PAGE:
By Patpicha Tanakasempipat
BANGKOK (Reuters) – Facebook on Monday blocked access within Thailand to a group with 1 million members that discusses the country’s king, after the Thai government threatened legal action over failure to take down content deemed defamatory to the monarchy.
The move comes amid near daily youth-led protests against the government led by the former military junta chief and unprecedented calls for reforms of the monarchy.
The “Royalist Marketplace” group was created in April by Pavin Chachavalpongpun, a self-exiled academic and critic of the monarchy.
Pavin, who lives in Japan, said Facebook had bowed to the military-dominated government’s pressure.
“By doing this, Facebook is cooperating with the authoritarian regime to obstruct democracy and cultivating authoritarianism in Thailand.”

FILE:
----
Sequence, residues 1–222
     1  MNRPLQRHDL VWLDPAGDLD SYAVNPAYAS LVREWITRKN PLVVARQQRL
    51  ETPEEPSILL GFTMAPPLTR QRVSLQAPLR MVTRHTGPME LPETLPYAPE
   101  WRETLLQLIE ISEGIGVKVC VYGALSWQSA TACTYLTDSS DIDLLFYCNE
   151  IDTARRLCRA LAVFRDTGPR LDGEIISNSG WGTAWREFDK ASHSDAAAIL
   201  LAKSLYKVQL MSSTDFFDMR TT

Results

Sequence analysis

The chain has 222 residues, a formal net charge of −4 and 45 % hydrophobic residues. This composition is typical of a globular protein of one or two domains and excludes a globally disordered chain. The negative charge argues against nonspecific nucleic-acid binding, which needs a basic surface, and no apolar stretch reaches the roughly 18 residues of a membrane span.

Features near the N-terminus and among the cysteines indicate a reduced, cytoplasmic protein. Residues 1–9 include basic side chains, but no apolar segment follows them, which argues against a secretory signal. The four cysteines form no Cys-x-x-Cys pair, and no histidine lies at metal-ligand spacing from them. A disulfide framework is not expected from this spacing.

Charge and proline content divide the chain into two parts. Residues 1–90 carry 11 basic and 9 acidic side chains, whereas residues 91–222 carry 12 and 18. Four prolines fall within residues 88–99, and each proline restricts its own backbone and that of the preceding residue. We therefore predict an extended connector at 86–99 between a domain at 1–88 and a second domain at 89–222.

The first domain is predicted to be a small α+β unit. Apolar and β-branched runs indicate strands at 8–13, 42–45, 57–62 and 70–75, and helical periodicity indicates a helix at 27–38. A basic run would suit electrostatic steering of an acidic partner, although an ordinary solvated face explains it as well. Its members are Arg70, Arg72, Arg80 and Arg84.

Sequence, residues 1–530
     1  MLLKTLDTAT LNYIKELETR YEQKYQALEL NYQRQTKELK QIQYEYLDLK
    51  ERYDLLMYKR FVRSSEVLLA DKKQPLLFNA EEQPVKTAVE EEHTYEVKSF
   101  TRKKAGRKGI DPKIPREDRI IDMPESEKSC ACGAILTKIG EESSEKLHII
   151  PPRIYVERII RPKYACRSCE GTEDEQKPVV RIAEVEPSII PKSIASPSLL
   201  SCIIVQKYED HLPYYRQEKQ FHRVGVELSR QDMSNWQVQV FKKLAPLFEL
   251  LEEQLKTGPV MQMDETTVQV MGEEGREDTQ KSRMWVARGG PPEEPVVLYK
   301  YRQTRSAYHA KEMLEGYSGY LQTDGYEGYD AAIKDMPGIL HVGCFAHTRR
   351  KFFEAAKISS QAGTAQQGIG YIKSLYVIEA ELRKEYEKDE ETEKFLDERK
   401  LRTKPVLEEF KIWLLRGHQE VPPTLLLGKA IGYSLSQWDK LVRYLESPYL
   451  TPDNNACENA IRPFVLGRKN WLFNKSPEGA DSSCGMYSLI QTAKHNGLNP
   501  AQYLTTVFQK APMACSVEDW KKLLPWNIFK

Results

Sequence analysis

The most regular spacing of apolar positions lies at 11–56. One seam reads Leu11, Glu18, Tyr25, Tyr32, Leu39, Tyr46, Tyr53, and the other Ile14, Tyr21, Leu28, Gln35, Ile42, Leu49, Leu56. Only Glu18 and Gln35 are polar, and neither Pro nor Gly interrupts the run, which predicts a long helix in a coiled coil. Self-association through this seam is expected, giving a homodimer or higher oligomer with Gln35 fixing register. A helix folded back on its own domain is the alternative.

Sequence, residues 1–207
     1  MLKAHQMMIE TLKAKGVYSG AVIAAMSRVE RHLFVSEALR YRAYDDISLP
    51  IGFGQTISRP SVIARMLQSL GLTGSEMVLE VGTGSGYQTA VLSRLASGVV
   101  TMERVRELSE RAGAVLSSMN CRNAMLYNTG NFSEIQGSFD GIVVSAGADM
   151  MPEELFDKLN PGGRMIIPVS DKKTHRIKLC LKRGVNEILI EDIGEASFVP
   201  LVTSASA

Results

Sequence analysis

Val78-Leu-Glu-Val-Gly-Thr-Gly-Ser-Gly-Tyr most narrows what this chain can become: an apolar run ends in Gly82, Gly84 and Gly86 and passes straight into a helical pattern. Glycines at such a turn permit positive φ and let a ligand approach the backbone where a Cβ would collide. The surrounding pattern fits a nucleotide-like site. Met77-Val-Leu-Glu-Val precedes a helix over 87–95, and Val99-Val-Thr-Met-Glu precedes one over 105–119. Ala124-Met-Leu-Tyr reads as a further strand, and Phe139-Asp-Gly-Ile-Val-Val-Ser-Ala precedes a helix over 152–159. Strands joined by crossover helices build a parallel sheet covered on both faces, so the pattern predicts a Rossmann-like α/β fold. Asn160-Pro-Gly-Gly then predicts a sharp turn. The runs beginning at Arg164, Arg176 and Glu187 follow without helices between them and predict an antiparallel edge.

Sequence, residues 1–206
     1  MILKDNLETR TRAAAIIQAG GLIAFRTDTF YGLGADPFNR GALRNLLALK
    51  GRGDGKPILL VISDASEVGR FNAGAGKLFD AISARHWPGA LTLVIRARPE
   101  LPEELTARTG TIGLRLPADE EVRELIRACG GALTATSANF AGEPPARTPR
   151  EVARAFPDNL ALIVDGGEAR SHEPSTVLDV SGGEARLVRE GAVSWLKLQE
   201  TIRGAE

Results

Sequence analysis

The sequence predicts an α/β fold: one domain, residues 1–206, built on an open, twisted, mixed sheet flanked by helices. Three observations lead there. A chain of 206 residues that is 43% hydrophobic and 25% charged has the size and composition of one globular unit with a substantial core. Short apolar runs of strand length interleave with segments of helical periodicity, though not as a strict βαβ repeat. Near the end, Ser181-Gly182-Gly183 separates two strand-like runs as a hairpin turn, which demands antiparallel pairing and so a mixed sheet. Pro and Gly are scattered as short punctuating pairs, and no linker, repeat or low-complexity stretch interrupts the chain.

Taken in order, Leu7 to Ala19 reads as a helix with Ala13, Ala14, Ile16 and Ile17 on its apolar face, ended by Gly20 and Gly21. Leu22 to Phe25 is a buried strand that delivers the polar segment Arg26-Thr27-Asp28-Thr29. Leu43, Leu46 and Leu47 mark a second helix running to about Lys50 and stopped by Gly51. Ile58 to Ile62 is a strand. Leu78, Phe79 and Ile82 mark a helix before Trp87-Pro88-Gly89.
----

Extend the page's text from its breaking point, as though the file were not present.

Facebook declined to answer Reuters questions about blocking the group.
Thailand has strict lese majeste laws that forbid defaming the king, with penalties of up to 15 years in prison.
Earlier this month, Thailand’s digital minister accused Facebook of not complying with requests to restrict content, including insults to the monarchy.
On Aug. 10, he gave Facebook 15 days to comply with court takedown orders or face charges under the local Computer Crime Act, which carries a fine of up to 200,000 baht ($6,367.40) and an additional 5,000 baht ($159.18) per day until each order is observed.
“The deadline is almost up and Facebook understands the context of Thai society, so they cooperate,” ministry spokesman Putchapong Nodthaisong told Reuters.
The ministry last week filed a separate cybercrime complaint against Pavin for creating the group.
($1 = 31.4100 baht)
(Reporting by Patpicha Tanakasempipat, Editing by William Maclean)